Although Citrus is a subtropical genus, fragrant and flavorful citrus fruit can be grown almost anywhere. From lemons and limes to oranges and grapefruit, citrus trees are fun and rewarding plants to grow—but not without some work! Here’s how to grow citrus trees at home.
Citrus plants are native to tropical and subtropical regions of southern Asia, Australia, and the South Pacific, but have been brought to all corners of the globe thanks to human cultivation. These woody plants range in size from small shrubs to large trees, and their fruit is just as variable in size and shape—just take a walk down the fruit aisle at your local supermarket! Standard-size grapefruit and orange trees can grow 18 to 22 feet tall, whereas dwarf citrus varieties only grow 8 to 12 feet tall (or smaller, if kept in containers).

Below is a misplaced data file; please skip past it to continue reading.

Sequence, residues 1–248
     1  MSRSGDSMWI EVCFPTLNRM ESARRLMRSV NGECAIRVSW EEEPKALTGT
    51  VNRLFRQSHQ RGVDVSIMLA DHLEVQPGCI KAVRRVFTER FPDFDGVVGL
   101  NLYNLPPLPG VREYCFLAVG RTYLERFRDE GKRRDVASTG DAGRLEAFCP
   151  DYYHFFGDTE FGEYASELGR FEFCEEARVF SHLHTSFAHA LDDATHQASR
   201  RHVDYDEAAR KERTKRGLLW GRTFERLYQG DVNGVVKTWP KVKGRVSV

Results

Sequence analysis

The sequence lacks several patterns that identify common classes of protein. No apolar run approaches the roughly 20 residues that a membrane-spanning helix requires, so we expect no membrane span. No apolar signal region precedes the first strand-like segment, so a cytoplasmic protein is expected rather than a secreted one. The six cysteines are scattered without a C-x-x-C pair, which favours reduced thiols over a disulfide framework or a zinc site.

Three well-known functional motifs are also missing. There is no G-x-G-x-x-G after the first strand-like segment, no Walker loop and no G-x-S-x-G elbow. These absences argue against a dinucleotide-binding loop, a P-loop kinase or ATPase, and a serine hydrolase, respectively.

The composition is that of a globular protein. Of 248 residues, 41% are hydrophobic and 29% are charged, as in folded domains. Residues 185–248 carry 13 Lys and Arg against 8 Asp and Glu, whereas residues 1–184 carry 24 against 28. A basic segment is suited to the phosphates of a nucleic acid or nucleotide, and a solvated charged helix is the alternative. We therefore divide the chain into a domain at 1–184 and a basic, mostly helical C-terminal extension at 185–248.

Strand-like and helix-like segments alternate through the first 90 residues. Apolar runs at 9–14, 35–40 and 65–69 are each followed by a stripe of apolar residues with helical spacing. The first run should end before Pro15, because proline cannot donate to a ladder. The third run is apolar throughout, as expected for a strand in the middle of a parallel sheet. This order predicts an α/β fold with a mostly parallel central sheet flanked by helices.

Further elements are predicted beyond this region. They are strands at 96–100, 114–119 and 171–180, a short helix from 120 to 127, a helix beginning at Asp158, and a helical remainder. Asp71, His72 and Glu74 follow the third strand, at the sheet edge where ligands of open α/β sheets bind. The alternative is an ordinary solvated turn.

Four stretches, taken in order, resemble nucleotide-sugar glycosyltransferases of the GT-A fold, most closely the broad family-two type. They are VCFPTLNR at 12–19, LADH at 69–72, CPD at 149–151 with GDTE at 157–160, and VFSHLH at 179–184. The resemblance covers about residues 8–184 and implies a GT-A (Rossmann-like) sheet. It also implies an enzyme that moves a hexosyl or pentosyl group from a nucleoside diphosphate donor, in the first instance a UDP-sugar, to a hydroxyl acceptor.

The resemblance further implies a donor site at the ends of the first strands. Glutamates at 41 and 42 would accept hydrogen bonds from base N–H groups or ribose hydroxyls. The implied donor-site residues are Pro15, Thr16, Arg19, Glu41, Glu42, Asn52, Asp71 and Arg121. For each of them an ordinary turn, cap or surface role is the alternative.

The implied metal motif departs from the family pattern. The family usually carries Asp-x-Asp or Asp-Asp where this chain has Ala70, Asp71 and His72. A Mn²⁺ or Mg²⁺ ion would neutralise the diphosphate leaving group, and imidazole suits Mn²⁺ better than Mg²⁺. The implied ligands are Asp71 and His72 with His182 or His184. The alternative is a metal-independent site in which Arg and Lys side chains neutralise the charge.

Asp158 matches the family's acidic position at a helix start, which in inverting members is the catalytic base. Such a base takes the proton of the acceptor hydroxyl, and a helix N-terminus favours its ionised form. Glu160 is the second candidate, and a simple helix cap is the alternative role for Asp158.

Gardeners in the warmest parts of the United States (USDA Hardiness Zones 8-11) can grow citrus outdoors year round, while colder-climate gardeners (Zones 7 and colder) should consider growing lemons, oranges, limes, and other dwarf citrus trees in containers to enjoy fresh citrus fruit, too. Read more about growing citrus in containers here.
Most citrus varieties are self-fertile, so only one tree is typically needed for fruit production. On average, fruit bearing begins when the trees are between 3 and 6 years old. However, exact timing will depend on the type of citrus, the cultivar, your climate, the health of the plant and its care, and other factors. Flowering is not seasonal, but occurs during warm weather and regular rainfall. In fact, flowers and fruits may appear on the plant at the same time!